The visitor waiting area is full of different people with the same expression. When Eddie comes out I have to pinch myself because he’s not my Eddie, he’s another Eddie, blurry and out of focus, faded and drained of color like an old photograph. I grab his hand because my throat is too tight to speak.
“Sam.” Is he happy to see me? I can’t tell. I search his eyes.
“Happy birthday,” I say, and hand him the hamster card, which now seems ridiculously inappropriate.
“Stella wrote me,” he says, but what he means is: You didn’t. “She thinks I can get her drugs or something.” He smiles, which I take as an invitation to hug him, but when I do he cries out, clutching his shoulder. That is when I notice that it is purple and swollen and all wrong.
“Oh, my God, Eddie.” I search his eyes again, which look afraid, which look the same way they looked eighteen years ago.
I can see him gearing up to tell a lie, but he can’t lie to me, not his sister, not the one who caused this.
“It’s nothing.” I want to scream, and shake him, and make him whole again, make him my Eddie again without that hunk of metal inside him.
“You need to have it taken out. Now.”
He tells me he passed out this morning, but that the pain isn’t so bad, not now that I’m here, and that he can’t get his bullet taken out. His bullet, he says. I need the bullet out as much as he needs it in, but since it is in his body the bullet is more his than mine. And I can see that he won’t change his mind.
“You’re being selfish,” I say.
“No, you are. You just want me to get it taken out so you can forget it ever happened.”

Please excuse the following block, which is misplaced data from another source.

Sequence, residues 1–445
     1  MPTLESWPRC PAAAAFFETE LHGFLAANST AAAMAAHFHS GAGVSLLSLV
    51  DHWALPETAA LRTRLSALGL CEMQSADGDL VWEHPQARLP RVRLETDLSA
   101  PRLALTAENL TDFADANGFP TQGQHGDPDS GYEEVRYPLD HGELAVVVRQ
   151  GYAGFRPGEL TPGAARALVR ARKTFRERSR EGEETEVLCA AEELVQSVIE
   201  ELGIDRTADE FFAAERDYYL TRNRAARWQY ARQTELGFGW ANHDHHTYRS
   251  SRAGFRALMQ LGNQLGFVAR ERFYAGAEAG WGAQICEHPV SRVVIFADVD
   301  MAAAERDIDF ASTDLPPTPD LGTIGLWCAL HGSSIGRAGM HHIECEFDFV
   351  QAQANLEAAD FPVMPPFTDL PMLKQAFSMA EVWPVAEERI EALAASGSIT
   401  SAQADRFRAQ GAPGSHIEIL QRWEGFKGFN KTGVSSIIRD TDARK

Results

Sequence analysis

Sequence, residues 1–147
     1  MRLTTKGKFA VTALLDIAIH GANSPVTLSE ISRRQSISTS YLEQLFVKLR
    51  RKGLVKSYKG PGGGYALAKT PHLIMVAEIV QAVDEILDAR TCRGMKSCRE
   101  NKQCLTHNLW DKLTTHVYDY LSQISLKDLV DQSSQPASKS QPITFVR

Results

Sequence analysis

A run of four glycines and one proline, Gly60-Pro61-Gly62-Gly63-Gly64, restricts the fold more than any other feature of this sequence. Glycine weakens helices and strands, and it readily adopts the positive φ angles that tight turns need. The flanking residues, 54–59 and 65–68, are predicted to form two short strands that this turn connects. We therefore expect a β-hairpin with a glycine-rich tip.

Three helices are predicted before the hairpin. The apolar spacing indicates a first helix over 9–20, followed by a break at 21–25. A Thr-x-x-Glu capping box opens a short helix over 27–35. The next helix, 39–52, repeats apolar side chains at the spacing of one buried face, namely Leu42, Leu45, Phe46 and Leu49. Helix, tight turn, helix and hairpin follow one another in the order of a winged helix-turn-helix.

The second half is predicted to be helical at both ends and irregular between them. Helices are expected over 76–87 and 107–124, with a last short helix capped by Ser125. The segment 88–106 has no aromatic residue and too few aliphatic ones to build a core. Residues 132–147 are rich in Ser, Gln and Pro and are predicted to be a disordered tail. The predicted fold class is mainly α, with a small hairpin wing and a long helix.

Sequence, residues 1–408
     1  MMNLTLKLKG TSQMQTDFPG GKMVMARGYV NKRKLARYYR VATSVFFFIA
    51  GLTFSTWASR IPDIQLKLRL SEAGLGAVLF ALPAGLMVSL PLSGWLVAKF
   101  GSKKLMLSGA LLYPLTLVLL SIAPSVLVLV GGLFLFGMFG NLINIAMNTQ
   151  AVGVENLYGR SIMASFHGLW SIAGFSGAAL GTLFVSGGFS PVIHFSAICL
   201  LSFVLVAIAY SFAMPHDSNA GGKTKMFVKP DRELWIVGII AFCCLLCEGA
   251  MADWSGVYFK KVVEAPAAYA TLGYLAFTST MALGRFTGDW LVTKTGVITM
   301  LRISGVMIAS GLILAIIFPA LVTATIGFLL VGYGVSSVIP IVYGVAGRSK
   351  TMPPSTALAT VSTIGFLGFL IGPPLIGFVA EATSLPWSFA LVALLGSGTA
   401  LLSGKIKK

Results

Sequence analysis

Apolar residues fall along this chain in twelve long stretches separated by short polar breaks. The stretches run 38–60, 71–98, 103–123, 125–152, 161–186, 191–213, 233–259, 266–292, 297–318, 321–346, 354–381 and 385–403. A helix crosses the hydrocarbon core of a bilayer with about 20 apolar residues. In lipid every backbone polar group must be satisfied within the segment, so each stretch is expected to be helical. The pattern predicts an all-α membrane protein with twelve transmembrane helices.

Oh, God, my baby brother is going to kill himself. Who is this man in front of me, who steals cars and thinks he is invincible? He is going to die eighteen years after I almost killed him. I dump out the contents of my bag and line them up: hand sanitizer, three safety pins, two buttons, a bottle of aspirin, my little black notebook, cinnamon Altoids, a pen I stole from the Marriott. By the time I look up, Eddie is gone.
Part V: Eddie (Four months later)
Eddie finishes tying his shoes, the same dirt-caked ones from the day he arrived at the jail. He fingers the envelope in his pocket, feels for the hard metal inside. When the doctor first showed him the bullet, he could hardly believe how small it was, barely bigger than a quarter. He wants to show it to Sam, wants her to see how small it is, how small it was this whole time. In the distance he sees flashing car headlights. He steps out into an alien world, no longer tinted red, but bright white, so bright it blinds him.
Julia Gourary is a student and writer from New York City. Her poetry and prose have been recognized by the Scholastic Art & Writing Awards. She was named a 2017 National YoungArts Finalist in Short Story and a finalist for the 2017 Adroit Prize for Prose. She will be attending Yale University in the fall. This is her first published piece.